Holding Hands With Zen: The Martial Arts Connection
An Interview with Jeff Brooks
By Anna-Maria Goossens
Try this: Scan through the martial arts films you’ve seen, and
try to remember how you were introduced to the lead head-cracker. Chances
are, he was probably meditating or going through some Buddhist ritual.
Do you believe he was sincere? Since such images are the extent of many
people’s experience with martial arts or Buddhism, it’s no
surprise that there is a lot of misinformation about how the two relate
to one another. People could reasonably wonder if they have anything
to do with each other at all.
“Karate and Zen as one”
-- Shoshin Nagamine
“I have heard some people with the facile idea that Zen and the
martial arts have nothing to do with each other because they suppose
that one is about peace and the other is about fighting — or, conversely,
that Zen and the martial arts are related mainly in their belief that
if they meditate, they can kick ass better,” summarizes Sensei
Jeffrey Tesshin Brooks, Director of the Northampton Karate Dojo and Zendo
(a hall, building or area for Zen mediatation).
Neither view gets at the true relationship between the two, which is
for Brooks a real, complex, rewarding and key tenet of his instruction
at the dojo.
It’s obvious the minute you set foot inside the dojo. Pictures
of Bodhidharma, who brought meditative Buddhism to China, and photos
of important figures in Shorin Ryu Okinawan karate, the style he teaches,
hold equal pride of place on the dojo walls. Calligraphy about karate
and Buddhism also hang next to each other. This pairing was inspired
in large part by the founder of Shorin Ryu Karate, Shoshin Nagamine,
a proponent of “Ken Zen Icho Nyo” (meaning “Karate
and Zen as one”).
Recently, Sensei Brooks and I discussed how he feels about Zen and karate
AMG: How are Zen and karate connected?
Brooks: Zen and martial arts share the development of Samadhi: one-pointed
concentration (a state of consciousness beyond waking or sleep in which
conscious mental activity ceases so to allow total absorption with the
object of concentration).
In Buddhism, it’s a tool — not an end in itself — that
is applied to achieve insight into reality. You can take that same tool
and apply it to karate. It will increase your skill, but it doesn’t
necessarily help you have a better human life unless it’s done
with the correct motivation. To have deep samadhi we have to allow all
mental disturbances to cease – disturbances including anger, hatred,
greed and so on.
AMG: Right — people who don’t know karate often assume you’re
picturing a certain person you’re mad at when you’re doing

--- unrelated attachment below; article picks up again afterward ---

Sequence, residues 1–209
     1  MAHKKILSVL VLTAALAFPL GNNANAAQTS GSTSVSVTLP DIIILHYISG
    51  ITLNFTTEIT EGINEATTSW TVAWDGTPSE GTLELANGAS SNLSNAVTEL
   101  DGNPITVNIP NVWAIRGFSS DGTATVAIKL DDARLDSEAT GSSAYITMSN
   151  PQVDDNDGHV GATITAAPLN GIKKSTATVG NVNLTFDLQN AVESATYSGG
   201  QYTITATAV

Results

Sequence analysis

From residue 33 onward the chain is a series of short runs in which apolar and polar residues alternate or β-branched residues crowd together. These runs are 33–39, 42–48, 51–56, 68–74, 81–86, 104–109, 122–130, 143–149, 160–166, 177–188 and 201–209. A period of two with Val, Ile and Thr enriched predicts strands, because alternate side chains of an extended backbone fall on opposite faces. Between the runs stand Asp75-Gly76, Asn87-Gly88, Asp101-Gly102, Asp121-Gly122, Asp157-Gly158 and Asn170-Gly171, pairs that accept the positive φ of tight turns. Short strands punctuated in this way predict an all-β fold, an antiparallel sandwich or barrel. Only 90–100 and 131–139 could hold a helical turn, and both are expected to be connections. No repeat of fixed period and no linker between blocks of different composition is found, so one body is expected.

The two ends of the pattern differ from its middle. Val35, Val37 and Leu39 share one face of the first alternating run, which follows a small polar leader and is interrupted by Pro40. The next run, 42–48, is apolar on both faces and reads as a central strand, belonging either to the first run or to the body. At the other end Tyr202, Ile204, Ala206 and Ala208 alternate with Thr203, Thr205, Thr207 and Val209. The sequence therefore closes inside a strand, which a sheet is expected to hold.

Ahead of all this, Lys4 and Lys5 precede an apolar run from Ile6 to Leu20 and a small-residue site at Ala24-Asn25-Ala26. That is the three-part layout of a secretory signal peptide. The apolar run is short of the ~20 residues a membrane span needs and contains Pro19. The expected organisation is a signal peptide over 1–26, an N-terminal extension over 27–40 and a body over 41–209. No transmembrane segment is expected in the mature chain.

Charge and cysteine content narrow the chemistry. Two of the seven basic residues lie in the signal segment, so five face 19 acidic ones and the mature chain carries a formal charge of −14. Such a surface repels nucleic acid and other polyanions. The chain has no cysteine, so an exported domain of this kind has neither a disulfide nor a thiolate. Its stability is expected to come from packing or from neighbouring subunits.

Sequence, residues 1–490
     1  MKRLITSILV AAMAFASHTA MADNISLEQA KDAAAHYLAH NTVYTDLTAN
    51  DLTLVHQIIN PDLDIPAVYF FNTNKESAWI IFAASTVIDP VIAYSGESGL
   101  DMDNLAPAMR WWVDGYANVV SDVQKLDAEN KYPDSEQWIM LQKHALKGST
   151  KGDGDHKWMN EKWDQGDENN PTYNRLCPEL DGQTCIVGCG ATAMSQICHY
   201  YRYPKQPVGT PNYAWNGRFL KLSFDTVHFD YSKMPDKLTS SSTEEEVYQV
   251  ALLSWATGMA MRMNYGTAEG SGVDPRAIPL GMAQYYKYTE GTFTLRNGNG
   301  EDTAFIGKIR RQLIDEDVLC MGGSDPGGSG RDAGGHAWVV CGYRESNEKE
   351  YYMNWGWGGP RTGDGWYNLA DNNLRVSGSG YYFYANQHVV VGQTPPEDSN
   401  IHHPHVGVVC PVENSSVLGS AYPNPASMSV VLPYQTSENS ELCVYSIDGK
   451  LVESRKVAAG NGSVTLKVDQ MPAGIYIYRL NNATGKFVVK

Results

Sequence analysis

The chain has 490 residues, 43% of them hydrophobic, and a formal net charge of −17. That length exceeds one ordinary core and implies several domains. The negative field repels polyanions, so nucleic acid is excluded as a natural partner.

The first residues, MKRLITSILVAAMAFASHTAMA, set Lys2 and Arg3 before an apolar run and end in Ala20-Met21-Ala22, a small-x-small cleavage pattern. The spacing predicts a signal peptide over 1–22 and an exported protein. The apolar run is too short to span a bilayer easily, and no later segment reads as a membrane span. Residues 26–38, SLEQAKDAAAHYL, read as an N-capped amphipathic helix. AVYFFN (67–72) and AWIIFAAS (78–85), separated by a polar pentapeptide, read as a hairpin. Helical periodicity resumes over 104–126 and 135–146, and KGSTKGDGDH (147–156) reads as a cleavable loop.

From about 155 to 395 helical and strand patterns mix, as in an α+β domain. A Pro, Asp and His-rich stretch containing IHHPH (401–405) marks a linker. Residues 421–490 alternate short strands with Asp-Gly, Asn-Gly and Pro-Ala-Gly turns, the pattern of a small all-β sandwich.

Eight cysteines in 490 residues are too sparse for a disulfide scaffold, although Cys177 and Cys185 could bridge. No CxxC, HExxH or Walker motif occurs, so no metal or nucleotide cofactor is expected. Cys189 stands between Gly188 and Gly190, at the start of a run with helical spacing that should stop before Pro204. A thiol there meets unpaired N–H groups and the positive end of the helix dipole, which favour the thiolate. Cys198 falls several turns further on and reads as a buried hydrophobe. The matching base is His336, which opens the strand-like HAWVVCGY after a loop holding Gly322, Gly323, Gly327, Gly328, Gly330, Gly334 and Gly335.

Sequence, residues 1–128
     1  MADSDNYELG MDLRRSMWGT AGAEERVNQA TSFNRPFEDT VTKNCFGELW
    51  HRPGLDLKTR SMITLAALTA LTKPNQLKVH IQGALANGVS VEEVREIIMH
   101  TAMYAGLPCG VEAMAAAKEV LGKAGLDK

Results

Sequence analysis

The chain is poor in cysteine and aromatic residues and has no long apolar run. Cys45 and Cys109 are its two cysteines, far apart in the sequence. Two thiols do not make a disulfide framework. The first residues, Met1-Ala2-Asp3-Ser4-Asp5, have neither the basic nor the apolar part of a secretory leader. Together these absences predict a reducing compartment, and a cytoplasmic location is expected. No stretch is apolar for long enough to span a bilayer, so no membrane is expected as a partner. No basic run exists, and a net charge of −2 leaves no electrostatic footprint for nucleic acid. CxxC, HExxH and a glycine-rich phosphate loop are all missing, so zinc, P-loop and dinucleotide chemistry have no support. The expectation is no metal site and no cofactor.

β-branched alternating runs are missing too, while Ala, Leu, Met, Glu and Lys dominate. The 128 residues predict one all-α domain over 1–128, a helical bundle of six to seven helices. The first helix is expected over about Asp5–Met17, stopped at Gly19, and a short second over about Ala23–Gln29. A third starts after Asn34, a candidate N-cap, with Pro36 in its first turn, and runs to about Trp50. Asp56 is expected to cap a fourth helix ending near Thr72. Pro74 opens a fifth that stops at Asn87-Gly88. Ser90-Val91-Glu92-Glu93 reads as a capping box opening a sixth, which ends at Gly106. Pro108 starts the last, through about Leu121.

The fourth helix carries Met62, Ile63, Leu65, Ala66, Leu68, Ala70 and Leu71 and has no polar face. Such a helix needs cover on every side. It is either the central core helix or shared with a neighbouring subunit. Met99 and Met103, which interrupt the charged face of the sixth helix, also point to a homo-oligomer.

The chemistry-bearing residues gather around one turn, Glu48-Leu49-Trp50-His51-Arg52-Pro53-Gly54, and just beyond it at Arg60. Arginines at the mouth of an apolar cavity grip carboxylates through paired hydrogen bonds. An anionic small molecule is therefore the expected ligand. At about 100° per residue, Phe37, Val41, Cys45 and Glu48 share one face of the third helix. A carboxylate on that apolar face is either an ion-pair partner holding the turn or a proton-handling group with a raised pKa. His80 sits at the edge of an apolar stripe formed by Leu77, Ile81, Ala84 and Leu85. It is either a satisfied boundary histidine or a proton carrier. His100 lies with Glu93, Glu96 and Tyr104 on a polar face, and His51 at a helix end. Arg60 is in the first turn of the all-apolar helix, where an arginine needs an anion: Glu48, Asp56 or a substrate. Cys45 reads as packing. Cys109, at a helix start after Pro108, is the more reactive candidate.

punches, say. And one of the things I learned fairly quickly through
my practice of karate is that using anger like that isn’t effective
at all. I get distracted and then pretty soon I’m doing the wrong
“Spontaneity is only possible
after you get rid of hindrances and become free of the
Brooks: But, significantly I think, anger is what brought you
in the door. There are lots of martial arts programs that do encourage
students to use negative emotions. It hurts the students. On a personal
level, they become irritable and thin skinned, and from a purely performance
point of view, they become stiff in their movements and they tend to
burn out quickly. You may start out your martial arts career with negative
emotions, but you don’t want to perpetuate that. At the same time
you can’t fake it -- you don’t have to banish or ignore your
negative emotions. You use them, and then you can let them go. Negative
emotions may work like kindling. To stay warm for a whole winter, you
can’t depend just on birch bark — but you can’t do
without it to start the fire. There is some kindling there at the outset
of a student’s training — fear or anger very often — and
if a teacher leads the student skillfully, it can ignite a deeper fire.
But to perpetuate fear or anger is very unhealthy.
AMG: So to reach the right mindset, you have to learn to drop the anger
and fear, or whatever emotion, and transform that emotion into energy
you can use to refine your life in the heat and pressure of regular practice.
Brooks: Your action in practice ought to be natural and spontaneous.
Spontaneity is a word that is closely associated with Zen and with advanced
practice of martial arts. The word was a favorite of the beat poets and
Zen hipsters and Bruce Lee, but I think it’s often misunderstood.
People sometimes take it to mean impulse. In reality, spontaneity is
only possible after you get rid of hindrances [such as negative emotions
and become free of the disturbances they cause. Spontaneous action is
not a matter of untrained impulse.
AMG: In other words, it’s that idea of having to know the rules
to be able to go beyond them, and not have to be thinking about them